Friends of Angela Dalman called her a “shining light” on Tuesday after a judge sentenced the man who killed her to life in prison with no parole for 14 years.
Speaking outside the courthouse on Tuesday (Aug. 23), Lisa Robertson wanted to keep the focus on how beautiful a person Dalman was. As one of her best friends, she recalled how the 40-year-old mother would stop her truck in the street and hand out food to the less fortunate.
“She was such a generous, generous person,” Robertson said. “She made everybody feel like she was their very best friend, she really did.”
The judge presiding over the case accepted a joint submission by Crown and defence lawyers that will see Anthony Dheensaw ineligible for parole for 14 years. His second-degree murder conviction carries an automatic life sentence, in which he will serve nine years concurrently for his attempted murder conviction.
In her decision, the judge noted how friends and family fought through tears to speak about the profound devastation that Dalman’s death had on them, and how they continue to be overwhelmed with sadness.
Dheensaw shot and killed Dalman after mistaking her for another woman on March 6, 2020. During the sentencing hearing, the court heard how Dheensaw stayed at a home in the 800-block of Arncote Avenue in Langford for two days before he was told to leave, but he repeatedly refused. He was then kicked out after a man assaulted him. He returned to the home later that night with a rifle, looking to shoot the man and woman who lived in the home.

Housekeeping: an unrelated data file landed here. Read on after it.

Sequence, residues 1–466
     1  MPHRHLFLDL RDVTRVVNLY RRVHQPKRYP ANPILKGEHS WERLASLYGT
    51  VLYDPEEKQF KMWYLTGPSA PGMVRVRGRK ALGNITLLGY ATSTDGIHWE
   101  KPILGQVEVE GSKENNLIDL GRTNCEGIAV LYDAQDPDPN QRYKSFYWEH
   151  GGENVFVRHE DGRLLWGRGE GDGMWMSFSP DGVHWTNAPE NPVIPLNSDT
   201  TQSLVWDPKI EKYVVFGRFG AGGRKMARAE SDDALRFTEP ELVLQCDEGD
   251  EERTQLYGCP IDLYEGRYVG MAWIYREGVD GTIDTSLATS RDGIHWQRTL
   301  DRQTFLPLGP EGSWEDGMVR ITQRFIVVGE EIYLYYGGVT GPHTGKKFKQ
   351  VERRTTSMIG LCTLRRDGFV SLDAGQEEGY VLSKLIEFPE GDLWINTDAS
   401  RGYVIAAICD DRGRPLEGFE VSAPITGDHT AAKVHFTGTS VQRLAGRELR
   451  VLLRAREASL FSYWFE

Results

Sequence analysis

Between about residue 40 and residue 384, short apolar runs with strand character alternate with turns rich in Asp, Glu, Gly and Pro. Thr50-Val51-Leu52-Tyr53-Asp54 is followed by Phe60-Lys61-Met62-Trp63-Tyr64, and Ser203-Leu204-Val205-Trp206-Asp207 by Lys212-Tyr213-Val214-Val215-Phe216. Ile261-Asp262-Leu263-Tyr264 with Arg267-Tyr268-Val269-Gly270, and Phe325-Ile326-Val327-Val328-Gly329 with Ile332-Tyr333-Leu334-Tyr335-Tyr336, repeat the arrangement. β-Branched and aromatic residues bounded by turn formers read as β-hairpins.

Dheensaw shot Dalman in the shoulder after mistaking her for the woman who lived in the home and before attempting to fire at the male homeowner. Dalman did not survive the shoulder gunshot wound.
The judge considered Dheensaw’s criminal history, his use of a firearm and how the shooting was unprovoked. She stated the now 38-year-old tried to better himself in 2008, after previous convictions, with schooling and work. She also said his multiple sclerosis diagnosis affected his ability to continue his education and stay employed. The judge said Dheensaw’s life spiralled downward in 2015 and he started to abuse cocaine, which would become an addiction after he was attacked with a knife in 2017.
While presenting victim impact statements, friends and family of Dalman said they will never recover from her being taken from them, with several saying the murder affects them on a daily basis. Dalman was known for always smiling and bringing laughter everywhere she went.
“She was the best mother I could ever ask for,” her son told the court. “It is hard for me to think about the future without her and everything that is going to happen to me that she will not be there for. If I have kids, she will never get to see them and they will not get to know the wonderful person she was.”
Outside the courthouse, Roberston added, “we just want her to be remembered as the person she was, and she was so much more than this crime.”
She noted loved ones will somehow have to learn how to live without Dalman. “It’s an enormous loss, enormous.”
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